At the White House, US President Joe Biden welcomed the vote and said that it showed Russia ‘cannot erase a sovereign state from the map’ while accusing it of tearing at the very foundations of international peace and security.’
141 countries supported the motion or over 78% of states which voted at the United Nations in what is a ringing rejection of Russian actions.
Thailand’s response at the UN, on Thursday, indirectly referenced the escalation of the war in Ukraine with a related energy war targeting European countries and growing western support for Ukraine.
The tough response to the Russian invasion is being interpreted as a warning to China over Taiwan while the Communist country gives tacit support to Russia. The current dynamic is threatening to plunge the world into a wider conflict between two world blocs.
An economic war is already raging and deepening between these two blocs which is ripping up the world global economy and supply chains that existed up to 2018 when the US-China trade war began.
US President puts family first as his 28-year-old granddaughter Naomi weds her fiancé in Washington
US President Joe Biden has been reported as not being available in person to attend the Asia-Pacific Economic Cooperation (APEC) summit due to the planned wedding of his granddaughter 28-year-old Naomi Biden to her fiancé 25-year-old Peter Neal planned for November 19th on the South Lawn of the White House.
Ms Biden is a lawyer as is her future husband. She is also the eldest daughter of the president’s controversial son Hunter Biden.
It is believed that President Biden will be represented at the summit in Bangkok by Vice President Kamala Harris although there are strong indications that efforts are being made for the US president to play a role in the summit possibly by the use of a video link or message.
Thai government is privately disappointed the US leader will not attend in person, a blow to improving US-Thai engagement and boost for China’s claims
The Thai government has invested a lot of energy and prestige in the event which was initially seen as a summit which would see 21 heads of government gathered in Bangkok from the 18th to the 19th of November.
Prime Minister Prayut Chan ocha repeatedly extended an invitation to President Biden both during his visit to Washington DC in May for the ASEAN summit and during meetings with US officials since then.
The absence of the US President will be seen as a blow to Thailand’s efforts to present the event as an endorsement of the kingdom and will not help what had been seen as closer ties between the United States and its oldest ally in Asia.
The attendance by Chinese President Xi Jinping would underline Chinese claims that it is the more consistent and local power in Asia and would be a setback for recently renewed American efforts to engage with the region including Thailand as a leading member of the ASEAN community.
Key moment that could see Thailand’s political parties under starter’s orders for a General Election
Thai hopes for the event were so high that during the summer it was strongly suggested by members of the cabinet including Deputy Prime Minister Prawit Wongsuwan that the culmination of the summit would see Prime Minister Prayut Chan ocha call for the dissolution of the House of Representatives and start the countdown to Thailand’s next General Election.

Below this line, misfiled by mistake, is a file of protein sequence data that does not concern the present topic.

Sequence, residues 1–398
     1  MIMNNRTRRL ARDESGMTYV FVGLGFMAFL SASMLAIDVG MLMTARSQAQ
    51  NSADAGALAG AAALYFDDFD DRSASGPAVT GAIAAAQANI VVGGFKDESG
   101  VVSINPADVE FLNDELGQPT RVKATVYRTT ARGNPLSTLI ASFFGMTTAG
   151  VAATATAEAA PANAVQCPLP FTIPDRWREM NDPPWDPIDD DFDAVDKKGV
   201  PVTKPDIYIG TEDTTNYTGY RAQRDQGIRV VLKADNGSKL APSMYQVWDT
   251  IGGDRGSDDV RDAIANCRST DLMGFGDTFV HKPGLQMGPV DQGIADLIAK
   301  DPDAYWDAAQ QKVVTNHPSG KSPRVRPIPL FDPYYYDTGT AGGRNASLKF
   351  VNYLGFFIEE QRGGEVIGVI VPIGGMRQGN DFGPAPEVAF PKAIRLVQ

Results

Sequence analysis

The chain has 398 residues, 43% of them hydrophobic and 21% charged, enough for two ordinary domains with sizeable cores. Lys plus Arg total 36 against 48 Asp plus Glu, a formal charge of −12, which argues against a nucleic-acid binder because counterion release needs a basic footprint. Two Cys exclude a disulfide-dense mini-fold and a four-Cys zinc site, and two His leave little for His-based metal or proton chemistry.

The importance attached to the event in Thailand can be seen from the fact that the government has declared an official holiday in Bangkok and the adjacent provinces of Samut Prakan and Nonthaburi for the two-day event which represents a mammoth logistical and security exercise for the country’s security services who fear the event could be hijacked by political dissidents or these involved the southern insurgency.
President Xi Jinping was confirmed to attend verbally by Chinese Foreign Minister Wang Yi in September
Indeed the one key world leader in the current geopolitical tussle between the United States and western countries and more authoritarian regimes in Asia, who looks most likely to attend, at this point, is the Chinese leader Xi Jinping.
The Chinese foreign minister has signalled that he will attend the event.
President Xi is expected to be endorsed as the leader of the Communist Party in Beijing when the 20th National Congress of the all-powerful party in China convenes on Sunday 16th of October next.
In September, the Thai Ministry of Foreign Affairs in Bangkok confirmed that Xi Jinping had confirmed his participation in the event verbally through Chinese Foreign Minister Wang Yi at a meeting with the Thai Minister of Foreign Affairs and Deputy Prime Minister Don Pramudwinai.
Participation of Biden not ruled out at summit
At the time, a senior spokesman for the Foreign Ministry, Tanee Sangrat, also did not rule out the participation of President Biden in the summit.
‘We still are in the process of coordinating. We are trying all means to convince all of the Apec leaders to come,’ he told the Bangkok Post newspaper.
It has already been communicated to officials in Bangkok via the Thai Embassy in Washington DC that Vice President Kamala Harris will lead the US delegation next month.
The event will be attended by the newly elected President of the Philippines Ferdinand Marcos Junior and New Zealand’s Prime Minister Jacinda Ardern as well as the leaders of Singapore, Taiwan and Hong Kong.